LONDON: England's victory over Pakistan in the third one-day international in Sharjah last Tuesday is being investigated for corruption, Daily Mail reported.
Following an erratic performance by Pakistan it is understood that investigators from the ICC's anti-corruption unit have requested data from international betting markets about irregular betting patterns.
England won the match by six wickets after Pakistan collapsed from 132 for two to 208 all out, including three farcical run-outs. They then dropped three catches in the field and missed a stumping.
Officials were tipped off after the toss in Sharjah that the illegal Indian betting market, worth billions of dollars per game, was expecting Pakistan to underperform.
It has also emerged that officers were warned about potential corruption before the series began.
Rumours were rife among bookmakers in the country, and the ICC received intelligence that there could at least be an attempt to manipulate the betting odds in favour of syndicates who would be betting huge sums.
Former England captain Michael Vaughan used his Twitter account to question Pakistan's performance.
He wrote: '3 run outs and a few iffy shots from Pakistan. Never seen that before!!' He followed that with: 'They must all think we are stupid.'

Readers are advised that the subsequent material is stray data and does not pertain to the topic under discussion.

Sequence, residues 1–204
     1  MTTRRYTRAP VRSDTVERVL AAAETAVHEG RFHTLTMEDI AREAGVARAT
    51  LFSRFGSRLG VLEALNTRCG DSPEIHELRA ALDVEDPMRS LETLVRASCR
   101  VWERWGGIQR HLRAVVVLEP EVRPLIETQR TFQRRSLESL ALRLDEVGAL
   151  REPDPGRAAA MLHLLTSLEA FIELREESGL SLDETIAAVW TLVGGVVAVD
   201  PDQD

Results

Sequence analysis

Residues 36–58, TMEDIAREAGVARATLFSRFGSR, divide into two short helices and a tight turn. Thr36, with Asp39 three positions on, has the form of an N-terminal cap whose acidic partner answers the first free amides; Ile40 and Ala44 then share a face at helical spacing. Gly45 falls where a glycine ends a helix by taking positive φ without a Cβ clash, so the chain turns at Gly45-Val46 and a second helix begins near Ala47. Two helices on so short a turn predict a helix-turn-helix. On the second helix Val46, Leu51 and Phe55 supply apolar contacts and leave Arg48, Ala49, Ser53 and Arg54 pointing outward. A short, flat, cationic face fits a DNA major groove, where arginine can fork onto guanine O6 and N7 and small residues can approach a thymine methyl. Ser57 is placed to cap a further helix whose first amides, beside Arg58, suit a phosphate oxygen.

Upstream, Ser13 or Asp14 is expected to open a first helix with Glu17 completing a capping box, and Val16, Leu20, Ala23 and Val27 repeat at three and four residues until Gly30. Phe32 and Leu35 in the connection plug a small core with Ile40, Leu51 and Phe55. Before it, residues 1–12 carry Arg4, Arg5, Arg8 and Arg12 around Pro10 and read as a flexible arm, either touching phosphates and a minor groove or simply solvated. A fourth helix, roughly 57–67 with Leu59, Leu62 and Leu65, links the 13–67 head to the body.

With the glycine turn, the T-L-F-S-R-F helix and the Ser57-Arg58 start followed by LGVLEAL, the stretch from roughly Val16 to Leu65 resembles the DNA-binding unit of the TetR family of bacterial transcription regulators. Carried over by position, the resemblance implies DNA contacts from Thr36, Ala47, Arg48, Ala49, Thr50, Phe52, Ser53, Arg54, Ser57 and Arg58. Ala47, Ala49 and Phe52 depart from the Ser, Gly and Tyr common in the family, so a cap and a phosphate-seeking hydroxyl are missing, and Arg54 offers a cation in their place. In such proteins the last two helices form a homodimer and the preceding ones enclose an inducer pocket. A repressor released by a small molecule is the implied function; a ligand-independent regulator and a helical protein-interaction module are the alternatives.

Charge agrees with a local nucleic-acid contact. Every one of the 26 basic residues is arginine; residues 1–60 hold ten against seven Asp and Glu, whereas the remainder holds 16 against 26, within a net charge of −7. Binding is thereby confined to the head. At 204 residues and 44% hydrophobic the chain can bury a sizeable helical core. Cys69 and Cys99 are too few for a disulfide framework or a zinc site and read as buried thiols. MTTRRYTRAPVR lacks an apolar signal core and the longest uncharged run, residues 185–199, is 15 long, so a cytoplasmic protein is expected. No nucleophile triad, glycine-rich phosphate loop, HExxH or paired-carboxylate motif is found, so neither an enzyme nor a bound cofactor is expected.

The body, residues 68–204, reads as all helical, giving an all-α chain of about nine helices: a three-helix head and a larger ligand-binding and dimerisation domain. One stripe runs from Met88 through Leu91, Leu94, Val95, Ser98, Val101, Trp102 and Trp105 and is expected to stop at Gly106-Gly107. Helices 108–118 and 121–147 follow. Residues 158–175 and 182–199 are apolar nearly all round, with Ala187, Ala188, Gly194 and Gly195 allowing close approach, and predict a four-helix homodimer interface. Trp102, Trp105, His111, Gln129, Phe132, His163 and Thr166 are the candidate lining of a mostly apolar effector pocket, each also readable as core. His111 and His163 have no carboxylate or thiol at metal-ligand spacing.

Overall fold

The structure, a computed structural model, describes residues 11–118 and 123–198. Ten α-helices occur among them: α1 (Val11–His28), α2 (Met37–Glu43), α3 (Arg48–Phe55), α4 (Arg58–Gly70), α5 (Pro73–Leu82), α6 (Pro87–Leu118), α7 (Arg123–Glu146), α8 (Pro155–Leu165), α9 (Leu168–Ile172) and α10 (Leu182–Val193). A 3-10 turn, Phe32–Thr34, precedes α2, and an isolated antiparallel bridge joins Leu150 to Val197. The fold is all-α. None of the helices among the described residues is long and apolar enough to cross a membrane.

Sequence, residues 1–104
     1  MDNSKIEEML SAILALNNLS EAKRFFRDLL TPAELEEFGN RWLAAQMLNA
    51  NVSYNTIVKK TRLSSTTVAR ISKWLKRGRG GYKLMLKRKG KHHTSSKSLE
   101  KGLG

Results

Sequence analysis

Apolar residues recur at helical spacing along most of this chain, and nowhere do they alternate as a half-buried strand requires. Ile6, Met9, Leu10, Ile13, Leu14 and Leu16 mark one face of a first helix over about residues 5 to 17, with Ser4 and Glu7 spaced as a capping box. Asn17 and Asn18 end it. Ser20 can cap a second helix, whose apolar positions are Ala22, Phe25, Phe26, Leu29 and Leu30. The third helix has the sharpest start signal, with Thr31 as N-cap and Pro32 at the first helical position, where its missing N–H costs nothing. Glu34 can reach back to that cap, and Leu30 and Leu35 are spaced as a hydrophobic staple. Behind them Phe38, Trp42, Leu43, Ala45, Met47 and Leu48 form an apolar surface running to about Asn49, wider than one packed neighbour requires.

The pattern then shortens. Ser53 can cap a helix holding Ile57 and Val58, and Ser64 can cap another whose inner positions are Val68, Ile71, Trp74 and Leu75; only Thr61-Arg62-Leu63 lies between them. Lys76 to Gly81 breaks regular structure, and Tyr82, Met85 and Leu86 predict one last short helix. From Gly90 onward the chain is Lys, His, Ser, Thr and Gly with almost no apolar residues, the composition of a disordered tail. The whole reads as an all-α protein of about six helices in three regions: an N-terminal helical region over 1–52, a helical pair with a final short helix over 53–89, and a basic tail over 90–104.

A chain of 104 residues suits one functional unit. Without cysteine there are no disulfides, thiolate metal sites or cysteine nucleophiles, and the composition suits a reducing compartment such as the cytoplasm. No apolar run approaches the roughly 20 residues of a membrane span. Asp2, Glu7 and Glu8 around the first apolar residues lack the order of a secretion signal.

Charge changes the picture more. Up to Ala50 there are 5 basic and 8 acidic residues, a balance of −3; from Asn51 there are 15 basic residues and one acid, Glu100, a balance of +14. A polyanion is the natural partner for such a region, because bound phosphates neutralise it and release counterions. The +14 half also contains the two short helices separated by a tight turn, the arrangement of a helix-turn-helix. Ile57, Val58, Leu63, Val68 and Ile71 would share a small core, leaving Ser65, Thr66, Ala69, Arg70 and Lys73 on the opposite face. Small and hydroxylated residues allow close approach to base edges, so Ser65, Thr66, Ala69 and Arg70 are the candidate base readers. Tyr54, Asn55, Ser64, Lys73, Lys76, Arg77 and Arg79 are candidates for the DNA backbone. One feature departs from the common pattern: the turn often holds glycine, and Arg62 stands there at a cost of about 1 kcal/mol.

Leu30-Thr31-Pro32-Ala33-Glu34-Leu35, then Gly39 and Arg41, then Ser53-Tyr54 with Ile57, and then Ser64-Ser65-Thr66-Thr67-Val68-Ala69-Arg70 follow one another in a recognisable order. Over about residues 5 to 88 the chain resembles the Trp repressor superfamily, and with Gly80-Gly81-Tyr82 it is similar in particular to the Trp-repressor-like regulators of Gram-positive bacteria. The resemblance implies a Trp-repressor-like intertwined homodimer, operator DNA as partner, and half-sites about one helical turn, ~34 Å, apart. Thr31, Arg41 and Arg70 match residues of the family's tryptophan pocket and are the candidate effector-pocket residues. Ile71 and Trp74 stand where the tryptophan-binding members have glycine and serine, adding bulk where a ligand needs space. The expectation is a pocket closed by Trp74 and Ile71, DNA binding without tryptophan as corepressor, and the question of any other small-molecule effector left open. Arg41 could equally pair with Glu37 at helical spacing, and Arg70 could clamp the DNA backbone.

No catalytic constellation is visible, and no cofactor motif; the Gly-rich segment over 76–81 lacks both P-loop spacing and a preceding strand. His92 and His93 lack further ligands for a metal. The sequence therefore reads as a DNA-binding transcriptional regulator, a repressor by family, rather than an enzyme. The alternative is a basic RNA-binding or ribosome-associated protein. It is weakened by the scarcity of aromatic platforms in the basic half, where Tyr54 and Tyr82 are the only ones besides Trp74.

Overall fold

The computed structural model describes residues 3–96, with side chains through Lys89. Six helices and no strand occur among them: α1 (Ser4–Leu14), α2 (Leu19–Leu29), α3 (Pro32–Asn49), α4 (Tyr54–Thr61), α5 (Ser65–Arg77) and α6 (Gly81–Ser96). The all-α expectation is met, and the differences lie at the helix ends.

Vaughan, who later deleted the tweets, was criticised by ex-Pakistan batsman Rameez Raja. 'Vaughan's comments are highly irresponsible and I think he is just looking for cheap publicity to stay relevant on social media,' Raja said.
'Pakistan's running has always been bad and we all know Mohammad Hafeez particularly isn't great between the wickets. The team tends to panic whenever it's under pressure and it is nothing new.'
An Anti-Corruption and Security Unit source said: 'After comments like that we couldn't ignore it but we also had other reasons to look into it.'
The chief reason is suspicious betting patterns — one of the key signposts for fixing. The ICC have been told that twice the 'normal' amount of money was wagered on Pakistan to lose in a game which attracted more than £20million in bets on Betfair, the international betting exchange.
The day before the Sharjah match, England were rated as strong favourites to win. Seasoned odds watchers would argue that was an extremely rare event for any England one-day team in Asia, where they traditionally struggle.
Pakistan coach Waqar Younis said on Friday night: 'I am aware of these allegations. We may have lost [in Sharjah on Tuesday] but we lost fair and square. I'm satisfied my players have done nothing wrong, and that there is nothing in these allegations.'